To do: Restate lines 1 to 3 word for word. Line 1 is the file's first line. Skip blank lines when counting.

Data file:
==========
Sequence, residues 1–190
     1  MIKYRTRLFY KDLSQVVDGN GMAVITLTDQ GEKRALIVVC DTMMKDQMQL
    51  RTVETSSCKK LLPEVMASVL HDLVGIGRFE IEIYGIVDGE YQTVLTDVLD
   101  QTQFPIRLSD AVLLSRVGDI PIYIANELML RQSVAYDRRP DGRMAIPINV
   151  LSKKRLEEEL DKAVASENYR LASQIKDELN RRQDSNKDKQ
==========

Sequence, residues 1–190
     1  MIKYRTRLFY KDLSQVVDGN GMAVITLTDQ GEKRALIVVC DTMMKDQMQL
    51  RTVETSSCKK LLPEVMASVL HDLVGIGRFE IEIYGIVDGE YQTVLTDVLD